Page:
BOOKS

Today at the library: Tips on marketing your book

Also, a listing of area literary activities and events, as well as book releases


Published: Sunday, March 9, 2014 at 6:01 a.m.
Last Modified: Thursday, March 6, 2014 at 4:42 p.m.

Gainesville marketing consultant David Greenberg shares tips on how to market a book once it's published, 2:30 p.m. today, Millhopper Branch Library, 3145 NW 43rd St. Free. The event is presented by the Writers Alliance of Gainesville.

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David Greenberg is the owner of David Greenberg Communications Inc., a marketing, public relations and advertising agency.

Courtesy of David Greenberg

Greenberg is the owner of David Greenberg Communications Inc., a full-service, marketing, public relations and advertising agency. He worked as an editor at HOME Magazine and spent 13 years as a newspaper reporter and editor in Miami and Gainesville covering government, community, education, law enforcement, crime and business.

Visit www.writersalliance.org for more information.

MORE WRITING EVENTS

■ “Derelict Tributaries”: Poet Laurence Hetrick and illustrator Michael Kemp discuss their collaborative work on the poetry collection “Derelict Tributaries” (Ahinga Press, 2012) at three Alachua County Library District libraries this month, including 3 p.m. today, Archer Branch, 13266 SW State Road 45, Archer; 6 p.m. Wednesday, Headquarters Library, 401 E. University Ave.; and 2 p.m. March 16, Millhopper Branch, 3145 NW 43rd St. Free and open to all ages.

Hetrick grew up in Gainesville and, after receiving a B.A. in English at the University of Florida, did graduate work in creative writing at the Johns Hopkins University. He has taught at several colleges, including UF where he taught the first course offerings in poetry writing in 1967.

Hetrick, who has published a variety of genres in journals and anthologies, including poetry and fiction, served as editor of the Chattahoochee Review from 1997 to 2004, receiving the Governor's Award in the Humanities in 2003. He is an associate professor of English at Georgia Perimeter College in Atlanta, where he lives with his wife and children.

Kemp moved to Gainesville in 1967 to study biology at UF. A travel year in Europe turned his attention to art, and he returned for a degree in painting and printmaking and earned a Master of Fine Arts summa cum laude in printmaking.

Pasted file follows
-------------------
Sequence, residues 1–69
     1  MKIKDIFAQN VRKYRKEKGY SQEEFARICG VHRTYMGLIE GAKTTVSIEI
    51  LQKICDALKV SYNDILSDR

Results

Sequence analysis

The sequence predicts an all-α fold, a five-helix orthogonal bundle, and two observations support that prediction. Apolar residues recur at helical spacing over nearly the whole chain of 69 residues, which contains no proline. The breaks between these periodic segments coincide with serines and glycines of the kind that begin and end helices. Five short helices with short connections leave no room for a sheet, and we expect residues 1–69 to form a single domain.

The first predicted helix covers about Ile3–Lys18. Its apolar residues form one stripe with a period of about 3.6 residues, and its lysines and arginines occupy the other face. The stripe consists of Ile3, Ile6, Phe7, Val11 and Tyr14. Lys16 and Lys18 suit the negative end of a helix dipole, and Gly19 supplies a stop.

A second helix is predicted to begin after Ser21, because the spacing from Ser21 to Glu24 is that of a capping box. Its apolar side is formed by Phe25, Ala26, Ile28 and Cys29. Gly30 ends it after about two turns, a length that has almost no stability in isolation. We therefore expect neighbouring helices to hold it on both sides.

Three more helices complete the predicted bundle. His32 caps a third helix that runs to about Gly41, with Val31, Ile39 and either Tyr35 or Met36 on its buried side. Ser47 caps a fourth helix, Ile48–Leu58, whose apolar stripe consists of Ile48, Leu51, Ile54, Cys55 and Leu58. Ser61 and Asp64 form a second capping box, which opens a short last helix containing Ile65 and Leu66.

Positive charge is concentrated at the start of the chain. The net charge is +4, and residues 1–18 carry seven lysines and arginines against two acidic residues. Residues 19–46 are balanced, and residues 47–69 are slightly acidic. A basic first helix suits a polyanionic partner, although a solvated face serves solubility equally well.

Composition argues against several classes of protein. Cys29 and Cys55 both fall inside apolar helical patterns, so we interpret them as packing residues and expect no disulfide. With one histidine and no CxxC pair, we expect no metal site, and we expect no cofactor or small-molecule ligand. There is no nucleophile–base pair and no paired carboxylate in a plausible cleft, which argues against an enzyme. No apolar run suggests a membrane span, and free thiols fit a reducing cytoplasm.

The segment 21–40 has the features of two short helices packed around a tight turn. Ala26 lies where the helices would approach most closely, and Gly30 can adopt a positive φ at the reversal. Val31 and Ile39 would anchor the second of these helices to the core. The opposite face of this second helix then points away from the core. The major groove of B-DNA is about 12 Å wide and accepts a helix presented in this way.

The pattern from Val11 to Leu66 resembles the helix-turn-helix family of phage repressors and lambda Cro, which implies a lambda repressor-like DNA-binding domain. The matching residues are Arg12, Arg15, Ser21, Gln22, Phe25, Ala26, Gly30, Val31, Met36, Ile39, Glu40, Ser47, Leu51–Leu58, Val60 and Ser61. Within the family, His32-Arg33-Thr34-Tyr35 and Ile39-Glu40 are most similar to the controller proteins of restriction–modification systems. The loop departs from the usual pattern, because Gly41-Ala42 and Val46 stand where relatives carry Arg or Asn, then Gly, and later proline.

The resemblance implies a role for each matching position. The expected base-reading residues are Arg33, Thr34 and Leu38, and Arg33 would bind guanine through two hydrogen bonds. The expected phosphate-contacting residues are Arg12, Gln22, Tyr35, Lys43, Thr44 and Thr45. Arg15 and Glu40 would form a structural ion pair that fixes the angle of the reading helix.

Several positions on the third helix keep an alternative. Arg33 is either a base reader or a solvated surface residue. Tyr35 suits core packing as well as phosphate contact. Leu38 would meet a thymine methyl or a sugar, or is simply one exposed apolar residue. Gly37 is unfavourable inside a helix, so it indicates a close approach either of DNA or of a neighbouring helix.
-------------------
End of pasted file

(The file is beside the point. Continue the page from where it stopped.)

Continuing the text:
Since retiring from the Alachua County Library District in 2005, Kemp has established Harmless Pleasures Printmaking, a semi-public studio in McIntosh, where he prints his own work and assists clients in printmaking. The emphasis of his prints is on rendering nature and everyday experience in a modernist context using ancient, direct methods.

Kemp's work is represented by Hector Fine Art (Gainesville), Ice House Gallery (McIntosh), and 53 Cannon Galleries (Charleston, S.C.). He lives between Micanopy and McIntosh with his wife.

■ “Getting Published — The Journey from the Idea to the Published Book”: Nationally noted author Judith Campbell shares her secrets for getting published and offers tips on the creative writing process, 7-8:30 p.m. Tuesday, Book Gallery West, 4121 NW 16th Blvd., Millhopper Shopping Center. Seating is limited. RSVP required at 371-1234. Free. Campbell will meet the public and sign copies of her books before and after her presentation. Door prizes after the event.

Campbell is the author of the Olympia Brown Mission Mysteries. Her fifth book, “A Predatory Mission,” was released in 2013.

■ Poetry Month: Mary Bast and Tad Karmazyn will share their writing experiences, 2:30 p.m. April 13, Millhopper Library, 1345 NW 43rd St. The free event is sponsored by the Writers Alliance of Gainesville.

Bast will share examples of how to find poetry in anything from a soup label to a political manifesto in her presentation called “Found Poetry: A Literary Rorschach.”

Karmazyn will read short poems, sing poems/songs accompanied by his wife, Anna, and will share his experience translating poems from English into Polish in a presentation called “Between Tongues.”

Bast writes poetry, memoir and flash fiction, and she was one of 85 poets from seven countries to write a poem a day in 2013 from one of 85 Pulitzer Prize-winning works of fiction for Pulitzer Remix, a National Poetry Month initiative. Her poetry has been published in Bukowski on Wry, The Found Poetry Review, right hand pointing and Pea River Journal's “Remaking Moby Dick.”